Yesterday I participated in a conference held at the Woodward's campus of Simon Fraser University's School for the Contemporary Arts. The conference, entitled The Conference On the Conference, is the grad project of one of the School's MFA candidates, Dylan Cree.
Below is my abstract:
A conference is a temporal regime comprised of activities where actors with common interests perform one or more roles within a predetermined time allotment. Overseeing these activities is a moderator entrusted with the maintenance of these allotments. Greater than the potential for professional disagreement is the potential for conflict between the moderator and the time-indifferent presenter, a conflict that often goes unnoticed. This presentation will use single case analysis and conjecture towards a theory of temporal indifference in relation to conference participation.
And here is my paper:
The conference was held in the mountains, at an arts centre. In the months preceding, the centre had undergone an architectural transformation. Where once there stood a circle of buildings, in the middle of which was a large open space, one the original architect might have imagined as a site for impromptu lectures or debates, in the Classical sense, or pedestrian flow, where people could see each other coming and prepare their greetings in advance, now this space, this site, was occupied by an almost-as-large new building, the effect of which created a series of passageways that might be called streets had their steps not said otherwise.
For many, this was their first visit to the centre, so none questioned the new building (or the loss of the open space), focused as they were on the signs that guided them through these (new) passageways, from building to building, from meals to work to rest over the three days we were there.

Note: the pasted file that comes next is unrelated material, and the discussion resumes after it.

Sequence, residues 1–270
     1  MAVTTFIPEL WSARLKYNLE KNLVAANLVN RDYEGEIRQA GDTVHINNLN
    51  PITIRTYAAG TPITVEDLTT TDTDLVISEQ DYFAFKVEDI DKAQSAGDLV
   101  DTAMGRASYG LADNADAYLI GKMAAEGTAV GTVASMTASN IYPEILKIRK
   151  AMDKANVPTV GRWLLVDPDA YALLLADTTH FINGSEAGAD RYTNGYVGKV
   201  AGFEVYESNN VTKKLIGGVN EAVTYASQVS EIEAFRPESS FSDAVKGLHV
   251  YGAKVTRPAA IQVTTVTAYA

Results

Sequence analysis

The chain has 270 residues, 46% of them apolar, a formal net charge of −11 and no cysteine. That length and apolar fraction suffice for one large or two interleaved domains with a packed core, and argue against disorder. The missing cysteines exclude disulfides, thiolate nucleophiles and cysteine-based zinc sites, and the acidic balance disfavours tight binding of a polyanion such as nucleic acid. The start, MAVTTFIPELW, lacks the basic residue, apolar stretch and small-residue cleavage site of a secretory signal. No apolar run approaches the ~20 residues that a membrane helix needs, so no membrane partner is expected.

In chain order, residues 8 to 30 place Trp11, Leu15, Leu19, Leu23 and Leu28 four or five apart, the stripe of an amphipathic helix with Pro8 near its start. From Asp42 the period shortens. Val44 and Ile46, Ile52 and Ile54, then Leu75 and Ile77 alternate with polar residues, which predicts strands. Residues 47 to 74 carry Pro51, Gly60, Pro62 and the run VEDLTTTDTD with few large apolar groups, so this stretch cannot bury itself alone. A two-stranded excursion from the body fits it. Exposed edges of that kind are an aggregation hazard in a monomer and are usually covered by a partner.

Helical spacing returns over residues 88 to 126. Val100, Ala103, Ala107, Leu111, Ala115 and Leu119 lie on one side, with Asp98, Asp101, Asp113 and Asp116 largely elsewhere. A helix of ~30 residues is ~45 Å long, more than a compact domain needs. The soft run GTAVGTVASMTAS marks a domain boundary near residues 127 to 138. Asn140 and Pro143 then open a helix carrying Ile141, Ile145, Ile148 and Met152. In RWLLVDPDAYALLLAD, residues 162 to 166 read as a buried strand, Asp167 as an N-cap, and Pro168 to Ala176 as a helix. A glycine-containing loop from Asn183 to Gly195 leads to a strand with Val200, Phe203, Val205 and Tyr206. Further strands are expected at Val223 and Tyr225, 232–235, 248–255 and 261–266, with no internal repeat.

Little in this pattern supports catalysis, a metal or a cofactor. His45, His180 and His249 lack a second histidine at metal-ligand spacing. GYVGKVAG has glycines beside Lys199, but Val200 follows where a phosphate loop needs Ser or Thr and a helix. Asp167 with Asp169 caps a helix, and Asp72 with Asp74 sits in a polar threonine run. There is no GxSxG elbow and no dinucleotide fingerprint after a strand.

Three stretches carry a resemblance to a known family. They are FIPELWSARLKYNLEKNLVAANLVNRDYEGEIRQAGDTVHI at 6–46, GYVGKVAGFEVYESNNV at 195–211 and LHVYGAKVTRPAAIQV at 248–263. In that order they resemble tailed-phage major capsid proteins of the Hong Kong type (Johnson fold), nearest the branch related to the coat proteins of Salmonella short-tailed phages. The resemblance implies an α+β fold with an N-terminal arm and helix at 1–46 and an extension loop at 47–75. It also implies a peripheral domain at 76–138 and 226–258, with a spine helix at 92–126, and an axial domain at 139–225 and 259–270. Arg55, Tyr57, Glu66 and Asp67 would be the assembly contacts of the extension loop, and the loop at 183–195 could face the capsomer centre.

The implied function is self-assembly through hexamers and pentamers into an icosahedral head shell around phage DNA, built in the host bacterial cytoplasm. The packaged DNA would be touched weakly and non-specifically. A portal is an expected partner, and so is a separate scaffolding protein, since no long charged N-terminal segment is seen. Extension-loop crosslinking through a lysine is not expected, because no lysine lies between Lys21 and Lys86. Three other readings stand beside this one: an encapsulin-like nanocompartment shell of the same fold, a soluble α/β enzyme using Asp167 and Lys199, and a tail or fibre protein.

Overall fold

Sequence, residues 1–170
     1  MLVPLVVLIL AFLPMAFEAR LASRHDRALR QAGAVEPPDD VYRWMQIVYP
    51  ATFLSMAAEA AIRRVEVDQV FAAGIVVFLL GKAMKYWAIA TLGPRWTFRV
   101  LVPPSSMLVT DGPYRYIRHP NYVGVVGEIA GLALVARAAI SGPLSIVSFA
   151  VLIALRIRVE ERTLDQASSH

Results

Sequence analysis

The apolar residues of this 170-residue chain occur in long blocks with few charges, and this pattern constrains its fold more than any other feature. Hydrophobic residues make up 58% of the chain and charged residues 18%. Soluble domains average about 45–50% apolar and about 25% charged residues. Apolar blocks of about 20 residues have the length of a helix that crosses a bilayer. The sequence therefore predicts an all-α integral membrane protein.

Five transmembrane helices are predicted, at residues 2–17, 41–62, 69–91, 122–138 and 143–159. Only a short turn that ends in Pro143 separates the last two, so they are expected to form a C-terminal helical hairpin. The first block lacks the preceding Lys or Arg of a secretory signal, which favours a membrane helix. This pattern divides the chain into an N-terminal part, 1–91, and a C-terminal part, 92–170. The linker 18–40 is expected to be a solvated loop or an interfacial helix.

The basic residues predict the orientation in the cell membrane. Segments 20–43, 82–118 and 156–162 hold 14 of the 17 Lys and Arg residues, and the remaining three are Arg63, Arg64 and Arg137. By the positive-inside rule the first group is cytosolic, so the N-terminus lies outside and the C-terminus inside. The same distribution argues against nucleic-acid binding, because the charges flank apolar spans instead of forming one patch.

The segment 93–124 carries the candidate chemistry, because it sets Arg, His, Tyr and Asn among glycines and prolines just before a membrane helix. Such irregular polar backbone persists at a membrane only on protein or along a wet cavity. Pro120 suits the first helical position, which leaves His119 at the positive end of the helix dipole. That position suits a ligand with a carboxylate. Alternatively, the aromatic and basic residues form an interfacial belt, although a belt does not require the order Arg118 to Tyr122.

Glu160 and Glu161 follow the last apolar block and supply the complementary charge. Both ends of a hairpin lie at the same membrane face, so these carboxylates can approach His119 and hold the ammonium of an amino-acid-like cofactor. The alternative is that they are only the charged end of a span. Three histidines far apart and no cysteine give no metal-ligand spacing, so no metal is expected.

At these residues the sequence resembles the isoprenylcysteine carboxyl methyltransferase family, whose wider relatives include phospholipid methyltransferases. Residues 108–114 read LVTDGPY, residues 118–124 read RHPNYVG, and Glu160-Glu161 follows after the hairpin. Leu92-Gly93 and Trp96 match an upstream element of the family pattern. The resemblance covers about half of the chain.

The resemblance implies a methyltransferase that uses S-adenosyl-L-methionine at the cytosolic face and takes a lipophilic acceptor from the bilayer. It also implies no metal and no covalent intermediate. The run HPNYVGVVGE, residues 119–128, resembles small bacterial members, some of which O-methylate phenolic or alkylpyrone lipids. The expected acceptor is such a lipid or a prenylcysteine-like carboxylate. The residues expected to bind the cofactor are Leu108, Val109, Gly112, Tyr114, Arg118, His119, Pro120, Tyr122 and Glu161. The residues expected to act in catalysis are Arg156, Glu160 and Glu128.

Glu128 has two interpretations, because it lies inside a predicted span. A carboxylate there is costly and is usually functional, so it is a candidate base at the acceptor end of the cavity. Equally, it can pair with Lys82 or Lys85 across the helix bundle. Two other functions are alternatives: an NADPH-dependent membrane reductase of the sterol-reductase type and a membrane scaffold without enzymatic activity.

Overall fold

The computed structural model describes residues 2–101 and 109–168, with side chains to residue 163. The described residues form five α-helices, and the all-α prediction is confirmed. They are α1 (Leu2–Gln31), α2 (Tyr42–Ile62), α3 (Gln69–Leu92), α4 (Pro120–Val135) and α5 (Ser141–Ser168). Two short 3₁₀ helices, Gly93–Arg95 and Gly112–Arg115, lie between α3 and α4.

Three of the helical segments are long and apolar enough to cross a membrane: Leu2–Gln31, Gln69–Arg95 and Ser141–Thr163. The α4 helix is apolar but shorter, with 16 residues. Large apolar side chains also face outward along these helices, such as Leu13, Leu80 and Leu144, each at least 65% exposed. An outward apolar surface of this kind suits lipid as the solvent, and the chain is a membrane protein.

In advance of arriving, one of the attendees, a friend, had just read Thomas Mann’s The Magic Mountain, and over lunch I listened as she spoke of the novel in the way those who have read it often do: enthusiastically, their life changed. I myself had never read the book from start to finish, but have probably read it at least once from various points.
I have reason to believe that The Magic Mountain has something to say about Time and that is why I have continued to poke at it these past thirty years, curious about its lopsided structure, how the first five chapters cover in exuberant detail the protagonist’s first seven years at the sanatorium, while the last two chapters, filled as they are with the more mundane aspects of sanatorium life, account for his last six. Much has been made of this acceleration, particularly in relation to the transformative nature of illness, but also with respect to the inseparability of Time and Space, something the author was no doubt aware of, writing at the time of Einstein and Heidegger.
As mentioned in my abstract, the conference is a temporal regime, a series of timed keynotes and panel talks, and within them further subdivisions, one of which I was asked to manage, as moderator. Because mine was the last panel, and because the previous panels had, much to the chagrin of the other attendees, run late (one by as much as forty minutes), I resolved to address the problem by asking “my” panelists the length of their presentations, reminding them of the twenty minute time allotment, and that in fairness to those worn down by the previous panels, I would be strict, if not cruel, in my enforcement. Of the three presenters on my panel, all but one had prepared a text; and of those texts, none were over twenty minutes. The one who did not prepare a text was the one who had just read The Magic Mountain.